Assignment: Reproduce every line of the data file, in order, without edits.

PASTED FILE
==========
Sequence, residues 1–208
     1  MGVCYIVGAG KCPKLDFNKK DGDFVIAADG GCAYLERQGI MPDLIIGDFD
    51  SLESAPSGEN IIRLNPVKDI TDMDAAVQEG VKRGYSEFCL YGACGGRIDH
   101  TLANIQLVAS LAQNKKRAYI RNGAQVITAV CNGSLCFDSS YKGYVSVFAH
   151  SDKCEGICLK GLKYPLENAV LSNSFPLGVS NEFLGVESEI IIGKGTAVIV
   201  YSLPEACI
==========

Sequence, residues 1–208
     1  MGVCYIVGAG KCPKLDFNKK DGDFVIAADG GCAYLERQGI MPDLIIGDFD
    51  SLESAPSGEN IIRLNPVKDI TDMDAAVQEG VKRGYSEFCL YGACGGRIDH
   101  TLANIQLVAS LAQNKKRAYI RNGAQVITAV CNGSLCFDSS YKGYVSVFAH
   151  SDKCEGICLK GLKYPLENAV LSNSFPLGVS NEFLGVESEI IIGKGTAVIV
   201  YSLPEACI